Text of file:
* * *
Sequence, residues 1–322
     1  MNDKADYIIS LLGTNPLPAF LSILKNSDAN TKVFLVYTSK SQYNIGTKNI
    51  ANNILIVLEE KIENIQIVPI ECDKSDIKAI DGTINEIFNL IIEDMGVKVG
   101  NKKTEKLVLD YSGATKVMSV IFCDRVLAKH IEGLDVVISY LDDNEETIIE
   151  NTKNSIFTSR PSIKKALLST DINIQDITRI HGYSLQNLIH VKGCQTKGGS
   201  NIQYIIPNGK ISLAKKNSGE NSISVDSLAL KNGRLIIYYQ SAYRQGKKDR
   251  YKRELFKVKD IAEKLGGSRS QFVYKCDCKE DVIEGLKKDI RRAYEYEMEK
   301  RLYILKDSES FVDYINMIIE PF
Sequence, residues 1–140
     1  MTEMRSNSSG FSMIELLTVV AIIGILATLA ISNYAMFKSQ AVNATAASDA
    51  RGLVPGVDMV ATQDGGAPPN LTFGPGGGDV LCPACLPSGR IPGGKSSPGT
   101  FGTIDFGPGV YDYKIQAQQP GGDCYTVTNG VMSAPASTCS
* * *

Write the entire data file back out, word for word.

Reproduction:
Sequence, residues 1–322
     1  MNDKADYIIS LLGTNPLPAF LSILKNSDAN TKVFLVYTSK SQYNIGTKNI
    51  ANNILIVLEE KIENIQIVPI ECDKSDIKAI DGTINEIFNL IIEDMGVKVG
   101  NKKTEKLVLD YSGATKVMSV IFCDRVLAKH IEGLDVVISY LDDNEETIIE
   151  NTKNSIFTSR PSIKKALLST DINIQDITRI HGYSLQNLIH VKGCQTKGGS
   201  NIQYIIPNGK ISLAKKNSGE NSISVDSLAL KNGRLIIYYQ SAYRQGKKDR
   251  YKRELFKVKD IAEKLGGSRS QFVYKCDCKE DVIEGLKKDI RRAYEYEMEK
   301  RLYILKDSES FVDYINMIIE PF
Sequence, residues 1–140
     1  MTEMRSNSSG FSMIELLTVV AIIGILATLA ISNYAMFKSQ AVNATAASDA
    51  RGLVPGVDMV ATQDGGAPPN LTFGPGGGDV LCPACLPSGR IPGGKSSPGT
   101  FGTIDFGPGV YDYKIQAQQP GGDCYTVTNG VMSAPASTCS